, 2008
"... We show that generating all negative cycles of a weighted graph is a hard enumeration problem, in both the directed and undirected cases. More precisely, given a family of negative (directed) cycles, it is an NPcomplete problem to decide whether this family can be extended or there are no other ne ..."
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Cited by 21 (6 self)
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We show that generating all negative cycles of a weighted graph is a hard enumeration problem, in both the directed and undirected cases. More precisely, given a family of negative (directed) cycles, it is an NPcomplete problem to decide whether this family can be extended or there are no other negative (directed) cycles in the graph, implying that (directed) negative cycles cannot be generated in polynomial output time, unless P = NP. As a corollary, we solve in the negative two wellknown generating problems from linear programming: (i) Given an infeasible system of linear inequalities, generating all minimal infeasible subsystems is hard. Yet, for generating maximal feasible subsystems the complexity remains open. (ii) Given a feasible system of linear inequalities, generating all vertices of the corresponding polyhedron is hard. Yet, in the case of bounded polyhedra the complexity remains
Some Algorithmic Problems in Polytope Theory
 IN ALGEBRA, GEOMETRY, AND SOFTWARE SYSTEMS
, 2003
"... Convex polytopes, i.e.. the intersections of finitely many closed affine halfspaces in R^d, are important objects in various areas of mathematics and other disciplines. In particular, the compact... ..."
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Cited by 12 (1 self)
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Convex polytopes, i.e.. the intersections of finitely many closed affine halfspaces in R^d, are important objects in various areas of mathematics and other disciplines. In particular, the compact...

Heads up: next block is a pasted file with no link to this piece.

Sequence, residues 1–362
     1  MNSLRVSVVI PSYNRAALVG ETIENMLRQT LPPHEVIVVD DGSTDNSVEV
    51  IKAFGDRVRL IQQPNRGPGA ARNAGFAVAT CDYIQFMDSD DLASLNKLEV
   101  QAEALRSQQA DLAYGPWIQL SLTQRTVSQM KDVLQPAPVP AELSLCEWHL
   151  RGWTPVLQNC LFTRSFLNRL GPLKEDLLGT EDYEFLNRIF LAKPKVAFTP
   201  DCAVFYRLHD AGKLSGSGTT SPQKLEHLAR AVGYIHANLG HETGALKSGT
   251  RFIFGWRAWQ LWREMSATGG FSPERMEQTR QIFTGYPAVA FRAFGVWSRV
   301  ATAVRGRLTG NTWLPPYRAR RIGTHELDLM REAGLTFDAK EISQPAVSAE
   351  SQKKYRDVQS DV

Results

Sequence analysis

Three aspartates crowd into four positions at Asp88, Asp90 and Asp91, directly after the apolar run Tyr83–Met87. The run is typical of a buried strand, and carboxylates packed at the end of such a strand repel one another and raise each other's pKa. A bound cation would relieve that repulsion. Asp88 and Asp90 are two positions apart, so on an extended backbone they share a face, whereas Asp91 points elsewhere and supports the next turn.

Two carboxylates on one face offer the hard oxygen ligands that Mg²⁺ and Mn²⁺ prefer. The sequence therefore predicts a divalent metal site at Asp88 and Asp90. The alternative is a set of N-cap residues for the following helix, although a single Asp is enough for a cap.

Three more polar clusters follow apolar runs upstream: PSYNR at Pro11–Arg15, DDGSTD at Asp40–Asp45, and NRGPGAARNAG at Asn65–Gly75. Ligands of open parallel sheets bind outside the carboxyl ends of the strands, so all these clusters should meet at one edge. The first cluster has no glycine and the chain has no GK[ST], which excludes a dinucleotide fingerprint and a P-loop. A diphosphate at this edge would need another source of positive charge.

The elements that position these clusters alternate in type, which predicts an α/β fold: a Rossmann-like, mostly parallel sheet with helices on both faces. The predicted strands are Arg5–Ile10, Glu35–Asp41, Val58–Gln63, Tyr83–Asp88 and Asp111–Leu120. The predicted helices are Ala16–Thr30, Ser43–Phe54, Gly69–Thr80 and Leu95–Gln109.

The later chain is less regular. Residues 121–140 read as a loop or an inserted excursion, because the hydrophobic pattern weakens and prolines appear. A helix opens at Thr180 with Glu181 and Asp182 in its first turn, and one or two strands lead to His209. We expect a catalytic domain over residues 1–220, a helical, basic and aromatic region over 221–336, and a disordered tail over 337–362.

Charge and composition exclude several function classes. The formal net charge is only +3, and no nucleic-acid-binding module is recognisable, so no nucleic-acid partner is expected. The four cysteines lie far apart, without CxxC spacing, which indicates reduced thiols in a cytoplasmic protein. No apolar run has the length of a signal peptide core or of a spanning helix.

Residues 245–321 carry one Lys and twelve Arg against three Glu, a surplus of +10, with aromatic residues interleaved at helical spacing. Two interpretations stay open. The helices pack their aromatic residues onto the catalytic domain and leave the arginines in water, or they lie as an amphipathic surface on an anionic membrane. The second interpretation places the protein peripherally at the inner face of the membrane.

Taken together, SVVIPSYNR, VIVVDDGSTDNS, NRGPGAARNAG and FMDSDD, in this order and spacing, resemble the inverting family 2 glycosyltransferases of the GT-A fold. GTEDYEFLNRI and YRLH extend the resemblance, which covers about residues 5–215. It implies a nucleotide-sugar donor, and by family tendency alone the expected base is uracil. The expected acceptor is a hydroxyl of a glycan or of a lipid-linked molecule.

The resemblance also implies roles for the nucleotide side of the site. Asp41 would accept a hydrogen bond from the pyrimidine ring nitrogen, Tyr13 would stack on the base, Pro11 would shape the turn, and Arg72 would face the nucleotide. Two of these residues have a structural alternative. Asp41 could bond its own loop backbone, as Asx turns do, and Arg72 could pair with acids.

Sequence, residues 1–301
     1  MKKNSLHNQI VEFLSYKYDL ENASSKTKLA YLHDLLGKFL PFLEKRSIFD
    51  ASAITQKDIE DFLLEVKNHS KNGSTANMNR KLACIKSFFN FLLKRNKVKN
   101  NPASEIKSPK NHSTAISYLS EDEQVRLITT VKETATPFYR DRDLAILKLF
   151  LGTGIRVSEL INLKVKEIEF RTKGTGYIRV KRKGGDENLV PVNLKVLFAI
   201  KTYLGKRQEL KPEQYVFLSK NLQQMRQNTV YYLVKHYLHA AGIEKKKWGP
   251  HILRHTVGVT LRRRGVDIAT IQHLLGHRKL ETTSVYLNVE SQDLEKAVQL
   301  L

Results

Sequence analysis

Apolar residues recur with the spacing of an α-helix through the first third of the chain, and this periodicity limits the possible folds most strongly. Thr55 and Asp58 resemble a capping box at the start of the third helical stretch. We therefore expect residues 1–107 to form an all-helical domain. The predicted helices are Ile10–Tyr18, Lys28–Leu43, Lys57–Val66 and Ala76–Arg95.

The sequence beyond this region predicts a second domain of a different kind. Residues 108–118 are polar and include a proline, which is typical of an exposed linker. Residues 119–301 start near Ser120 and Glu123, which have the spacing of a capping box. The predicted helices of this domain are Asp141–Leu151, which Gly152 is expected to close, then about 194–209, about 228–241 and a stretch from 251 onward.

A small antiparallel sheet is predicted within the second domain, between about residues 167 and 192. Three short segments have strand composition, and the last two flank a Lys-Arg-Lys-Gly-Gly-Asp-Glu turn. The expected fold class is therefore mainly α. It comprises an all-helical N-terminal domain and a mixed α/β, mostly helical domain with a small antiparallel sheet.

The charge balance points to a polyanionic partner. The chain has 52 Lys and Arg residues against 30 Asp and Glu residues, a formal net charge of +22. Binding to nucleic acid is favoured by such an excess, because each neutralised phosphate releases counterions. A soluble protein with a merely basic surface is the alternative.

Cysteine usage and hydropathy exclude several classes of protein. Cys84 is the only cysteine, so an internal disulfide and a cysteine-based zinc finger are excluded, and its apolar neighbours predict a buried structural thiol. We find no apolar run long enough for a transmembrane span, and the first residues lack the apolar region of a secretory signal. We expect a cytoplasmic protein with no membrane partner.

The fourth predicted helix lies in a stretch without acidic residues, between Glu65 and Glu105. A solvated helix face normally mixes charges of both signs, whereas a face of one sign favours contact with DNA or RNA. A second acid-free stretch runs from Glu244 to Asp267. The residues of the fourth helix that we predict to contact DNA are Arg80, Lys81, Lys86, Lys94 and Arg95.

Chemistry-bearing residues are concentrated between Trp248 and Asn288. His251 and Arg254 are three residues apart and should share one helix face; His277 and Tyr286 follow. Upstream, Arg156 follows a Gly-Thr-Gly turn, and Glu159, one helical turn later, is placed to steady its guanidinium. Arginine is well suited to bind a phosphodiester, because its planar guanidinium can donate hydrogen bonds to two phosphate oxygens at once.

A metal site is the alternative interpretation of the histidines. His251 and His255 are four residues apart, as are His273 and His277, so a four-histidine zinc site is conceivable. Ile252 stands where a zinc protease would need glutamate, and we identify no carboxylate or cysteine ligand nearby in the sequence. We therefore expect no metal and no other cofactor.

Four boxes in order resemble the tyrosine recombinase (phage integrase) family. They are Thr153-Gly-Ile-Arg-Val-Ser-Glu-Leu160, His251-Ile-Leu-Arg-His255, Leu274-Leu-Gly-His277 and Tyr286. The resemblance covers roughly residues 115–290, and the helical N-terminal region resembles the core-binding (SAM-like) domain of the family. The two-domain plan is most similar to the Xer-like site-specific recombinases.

Incremental Convex Hull Algorithms Are Not Output Sensitive
, 1996
"... A polytope is the bounded intersection of a finite set of halfspaces of R d . Every polytope can also be represented as the convex hull conv V of its vertices (or extreme points) V . The convex hull problem is to convert from the vertex representation to the halfspace representation or (equivalent ..."
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Cited by 10 (3 self)
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A polytope is the bounded intersection of a finite set of halfspaces of R d . Every polytope can also be represented as the convex hull conv V of its vertices (or extreme points) V . The convex hull problem is to convert from the vertex representation to the halfspace representation or (equivalently by geometric duality) viceversa. Given an ordering v 1 : : : vn of the input vertices, after some initialization an incremental convex hull algorithm constructs halfspace descriptions Hn\Gammak : : : Hn where H i is the halfspace description of convf v 1 : : : v i g. Let m i denote jH i j, and let m denote mn . Let OE(d) denote d=d p d e \Gamma 1; in this paper we give families of polytopes for which mn\Gamma1 2 \Omega\Gamma m OE(d) ) for any ordering of the input. We also give a family of 0=1polytopes with a similar blowup in intermediate size. Since mn\Gamma1 is not bounded by any polynomial in m, n, and d, incremental convex hull algorithms cannot in any reasonable sense be con...